Book Review: The Bell Jar by Sylvia Plath

I had high hopes for this iconic feminist classic, and it failed me. Maybe it was because I didn’t find a secret to womanhood or any better understanding of psyche or it was because of all those experiences the main character had and said about herself and the surrounding society didn’t feel novel, new, and most importantly strange. That those same feelings of emptiness, inadequacy, and neuroticism are already in me. That all I heard with this book was bells ringing the same old tune.

As I write this, I understand that such an echo is valuable. That when Sylvia Plath wrote this, those feelings weren’t stated aloud. I know her work to be important and value it as it is, but when I read a book, I want to find something that makes me understand us humans, the world, or myself better, and that this book didn’t provide. That is not the books failing. I have arranged those themes and issues in my mind, knowing where they stem from. I don’t seem to be able to hold on anything of the book that is mine. The words keep slipping between my fingers, and the characters began to fade away.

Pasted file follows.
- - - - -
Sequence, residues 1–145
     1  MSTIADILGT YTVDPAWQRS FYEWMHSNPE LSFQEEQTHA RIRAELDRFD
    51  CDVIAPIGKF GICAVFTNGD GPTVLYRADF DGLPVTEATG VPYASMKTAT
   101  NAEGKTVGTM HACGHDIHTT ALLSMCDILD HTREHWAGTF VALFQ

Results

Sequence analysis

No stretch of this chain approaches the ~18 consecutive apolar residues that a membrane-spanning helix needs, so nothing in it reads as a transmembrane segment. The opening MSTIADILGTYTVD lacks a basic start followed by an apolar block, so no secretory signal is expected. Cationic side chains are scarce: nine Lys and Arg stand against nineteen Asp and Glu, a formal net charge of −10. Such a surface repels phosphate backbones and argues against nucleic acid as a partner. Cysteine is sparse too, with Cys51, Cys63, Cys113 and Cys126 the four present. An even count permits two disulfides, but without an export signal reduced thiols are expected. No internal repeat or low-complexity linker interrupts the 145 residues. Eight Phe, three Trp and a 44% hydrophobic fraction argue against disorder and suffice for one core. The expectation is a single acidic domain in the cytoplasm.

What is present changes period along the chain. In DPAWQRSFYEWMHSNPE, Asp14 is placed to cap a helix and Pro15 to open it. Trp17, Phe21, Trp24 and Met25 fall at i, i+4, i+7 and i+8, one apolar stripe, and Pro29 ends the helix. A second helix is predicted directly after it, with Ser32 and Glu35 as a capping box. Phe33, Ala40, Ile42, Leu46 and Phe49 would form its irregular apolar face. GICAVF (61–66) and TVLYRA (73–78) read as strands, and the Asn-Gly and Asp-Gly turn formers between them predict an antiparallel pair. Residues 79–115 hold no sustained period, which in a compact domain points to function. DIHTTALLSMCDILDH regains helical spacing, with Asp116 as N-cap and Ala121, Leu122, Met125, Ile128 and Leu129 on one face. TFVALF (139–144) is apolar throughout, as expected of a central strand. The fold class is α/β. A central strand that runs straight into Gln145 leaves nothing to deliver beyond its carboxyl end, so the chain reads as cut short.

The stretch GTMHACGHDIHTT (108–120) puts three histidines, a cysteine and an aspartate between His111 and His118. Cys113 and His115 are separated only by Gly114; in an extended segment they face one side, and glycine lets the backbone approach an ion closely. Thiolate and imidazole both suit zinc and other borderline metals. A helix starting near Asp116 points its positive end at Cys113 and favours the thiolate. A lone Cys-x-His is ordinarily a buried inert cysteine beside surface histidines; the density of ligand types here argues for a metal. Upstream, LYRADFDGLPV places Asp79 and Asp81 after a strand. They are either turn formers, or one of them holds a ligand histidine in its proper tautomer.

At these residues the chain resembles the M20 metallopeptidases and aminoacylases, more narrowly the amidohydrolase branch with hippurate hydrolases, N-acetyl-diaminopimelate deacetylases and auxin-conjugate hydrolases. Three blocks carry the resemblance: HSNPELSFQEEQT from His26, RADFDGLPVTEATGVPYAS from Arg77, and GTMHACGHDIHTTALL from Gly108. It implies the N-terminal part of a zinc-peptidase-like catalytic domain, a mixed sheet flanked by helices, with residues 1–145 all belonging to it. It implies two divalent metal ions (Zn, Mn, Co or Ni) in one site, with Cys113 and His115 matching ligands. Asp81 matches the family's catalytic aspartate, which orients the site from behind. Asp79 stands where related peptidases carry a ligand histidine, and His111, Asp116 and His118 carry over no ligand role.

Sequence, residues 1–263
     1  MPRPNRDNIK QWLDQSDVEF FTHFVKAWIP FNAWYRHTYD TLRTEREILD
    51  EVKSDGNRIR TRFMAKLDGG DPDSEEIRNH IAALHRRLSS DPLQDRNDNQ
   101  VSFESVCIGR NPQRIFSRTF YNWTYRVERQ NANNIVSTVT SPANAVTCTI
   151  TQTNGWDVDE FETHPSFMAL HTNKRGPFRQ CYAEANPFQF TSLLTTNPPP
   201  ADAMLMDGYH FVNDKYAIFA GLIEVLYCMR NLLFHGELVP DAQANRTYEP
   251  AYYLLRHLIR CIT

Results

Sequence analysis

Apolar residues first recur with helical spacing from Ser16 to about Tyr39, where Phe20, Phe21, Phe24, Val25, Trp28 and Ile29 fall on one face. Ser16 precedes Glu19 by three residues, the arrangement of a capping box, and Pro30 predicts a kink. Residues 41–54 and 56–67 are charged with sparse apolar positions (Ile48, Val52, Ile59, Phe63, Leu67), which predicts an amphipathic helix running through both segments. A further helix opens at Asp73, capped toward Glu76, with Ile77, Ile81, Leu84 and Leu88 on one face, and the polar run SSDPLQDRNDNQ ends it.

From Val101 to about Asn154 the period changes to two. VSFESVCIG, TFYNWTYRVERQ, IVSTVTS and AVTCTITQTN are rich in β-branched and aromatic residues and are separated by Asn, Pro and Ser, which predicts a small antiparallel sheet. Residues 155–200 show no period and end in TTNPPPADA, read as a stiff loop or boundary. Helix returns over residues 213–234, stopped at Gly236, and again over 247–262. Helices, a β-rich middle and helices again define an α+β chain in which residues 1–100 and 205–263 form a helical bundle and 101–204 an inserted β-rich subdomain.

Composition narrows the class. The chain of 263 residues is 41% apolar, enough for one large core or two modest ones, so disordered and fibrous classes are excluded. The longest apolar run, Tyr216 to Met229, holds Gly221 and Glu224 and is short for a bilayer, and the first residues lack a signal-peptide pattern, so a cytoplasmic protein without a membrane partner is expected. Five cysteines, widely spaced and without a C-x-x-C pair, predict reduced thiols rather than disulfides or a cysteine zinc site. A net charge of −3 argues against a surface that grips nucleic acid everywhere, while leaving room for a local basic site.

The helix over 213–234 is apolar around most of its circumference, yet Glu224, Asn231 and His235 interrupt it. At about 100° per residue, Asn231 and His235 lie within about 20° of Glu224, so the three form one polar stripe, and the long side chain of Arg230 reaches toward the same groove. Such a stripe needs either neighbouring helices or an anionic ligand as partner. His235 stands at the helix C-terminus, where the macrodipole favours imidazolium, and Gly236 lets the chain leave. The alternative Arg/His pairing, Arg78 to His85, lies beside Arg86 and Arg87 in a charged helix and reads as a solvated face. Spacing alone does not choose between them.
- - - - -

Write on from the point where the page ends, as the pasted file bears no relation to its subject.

Even when I say all that, I wouldn’t go back in time and stop myself listening to this book. It is an important book, and maybe it will teach me something I only find out later.

Now, what should I say to you dear reader about if you should pick up this book and read or listen to it? I wouldn’t steer you away from it. I think this is a book you should judge yourself to form your own thoughts. It might speak to you, anger you, sadden you, or make you feel indifferent. I cannot decide for you.

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